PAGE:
Should You Get A Second Opinion?

Published on Mar 02, 2016

Whether you have had your doctor for many years and have a trusting relationship, or have a new doctor you don’t know very well, there may come a time when you need a second opinion. You should consider gettting a second opinion at any time during the care process, but you may want to have one before starting treatment, because a second opinion can affect your diagnosis, offer you other treatment options, or even change the course of your treatment.

Second Opinions—What and When

A second opinion means having a second medical professional evaluate your medical situation and give you an independent assessment of what is happening so you can feel more comfortable about your healthcare decisions. There are many good reasons for getting a second opinion including:

  • You were diagnosed with a medical condition, and you want another doctor to confirm the diagnosis or associated diagnostic tests, including pathology and radiology findings
     
  • You would like to see if there are different opinions on potential treatment options or approaches for your condition
     
  • Your insurance plan requires a second opinion to confirm a treatment option such as a surgery
     
  • You wish to be evaluated with a medical professional who may have more or different experiences dealing with your particular health issue

There Are No Wrong Reasons

Whatever the reason for the second opinion, it may help you feel more empowered and confident that you are choosing the right treatment plan. Getting a second opinion doesn’t mean you are unhappy with or “betraying” your doctor, it simply means you are having another doctor evaluate a particular medical problem.

Second opinions are often covered by your health insurance—but you have to check. Make sure to find out from your insurance provider how your coverage works for second opinions. Ask whether there are costs you will be responsible for. You should also ask if they will they pay for the office visit, and if you will have to pay for additional lab work, diagnostic tests or different treatments.

Preparing for the Second Opinion

Thinking ahead and doing a little prep work may make getting a second opinion a bit easier. For instance, you may want to:

  • Speak with your current doctor. Tell your current doctor that you are considering getting a second opinion and describe your reasoning. Some patients find this difficult, but many of the best doctors are open-minded and interested in getting other professional opinions too. This step is important so your primary care doctor can get the necessary medical records and patient history together to send to your other doctor. Remember, your primary care doctor may have to follow through on the results of the second opinion, so it is good to have him or her in the loop. In some situations, you may decide that you wish to keep the second opinion confidential from your primary doctor, which is a perfectly reasonable option.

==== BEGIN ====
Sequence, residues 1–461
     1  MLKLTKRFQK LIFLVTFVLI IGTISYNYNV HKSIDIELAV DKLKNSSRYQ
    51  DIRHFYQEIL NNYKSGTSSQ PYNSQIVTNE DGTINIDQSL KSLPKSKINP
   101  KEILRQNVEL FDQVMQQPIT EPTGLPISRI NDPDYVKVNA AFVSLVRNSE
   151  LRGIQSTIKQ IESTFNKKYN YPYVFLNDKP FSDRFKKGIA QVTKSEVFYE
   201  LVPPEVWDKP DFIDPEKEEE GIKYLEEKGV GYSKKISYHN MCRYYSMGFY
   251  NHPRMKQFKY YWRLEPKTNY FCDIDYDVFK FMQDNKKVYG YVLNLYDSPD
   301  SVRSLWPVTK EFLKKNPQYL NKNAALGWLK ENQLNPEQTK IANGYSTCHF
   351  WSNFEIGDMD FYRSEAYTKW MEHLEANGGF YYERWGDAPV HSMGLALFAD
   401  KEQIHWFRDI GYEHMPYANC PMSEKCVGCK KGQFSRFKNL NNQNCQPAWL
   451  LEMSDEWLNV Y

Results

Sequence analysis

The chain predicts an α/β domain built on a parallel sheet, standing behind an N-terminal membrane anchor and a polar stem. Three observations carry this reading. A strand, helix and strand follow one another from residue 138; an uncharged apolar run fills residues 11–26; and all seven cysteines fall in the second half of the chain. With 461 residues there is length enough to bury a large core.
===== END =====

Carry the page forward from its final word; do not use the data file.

• Ask if your doctor can make a recommendation for a second opinion. Your doctor may recommend other doctors for the second opinion. In some cases, an online second opinion service may be an option for you. Keep in mind that some plans require a referral from your primary doctor, or that you see an in-network doctor.
     
  • Come prepared to the second opinion. Be prepared when you see a doctor for a second opinion. Ask your primary care doctor to send your medical records in advance of your consultation. Call ahead to make sure your records were received by the other doctor. Make a list of questions you want to ask considering your condition, and consider asking a friend or loved one to go with you to the appointment.

What to do with the Results of the Second Opinion

Be sure to follow up on the results of the opinion. Sometimes the most difficult part of the process is not getting the second opinion, but deciding what to do with the information you receive. Treatment options are not always black and white and you may get different opinions from different doctors. If you receive the same information that your first doctor originally offered, then two medical professionals have agreed on your treatment plan. But if the second opinion indicates a different diagnosis or course of action, you may need to do more research to decide which path to follow. You can ask both doctors to discuss your case to help come up with an agreed path forward or work with either of them to get more information.

There might even be a recommendation to get a third opinion. Just be aware that your insurance plan might not cover all of these visits. Also, no matter how many opinions you receive, keep in mind that there is no guarantee that the second opinion is the “best” approach. Because a second opinion is not a guarantee, it is important for you to continue to work with your healthcare team to make the most informed decisions possible about your medical care.

Rebecca Ashkenazy, MD is the Women’s and Men’s Health, US Medical Director, Pfizer Inc.

[1] [2] [3] [4] [5] [6]

References

  • 1. Medicare.gov: The Official U.S. Government Site for Medicare. Getting a second opinion before surgery. Accessed February 5, 2016.
  • 2. Breastcancer.org. When to get a second opinion. Accessed February 5, 2016.
  • 3. Cancer.net. Seeking a second opinion. Accessed February 5, 2016.
  • 4. Patient Advocate Foundation. Second opinions. Accessed February 5, 2016.
  • 5. American Medical Association. Opinion 8.041 Second opinions. Accessed February 5, 2016.
  • 6. Reddy S. New ways for patients to get a second opinion. Wall Street Journal Web site. Accessed February 5, 2016.
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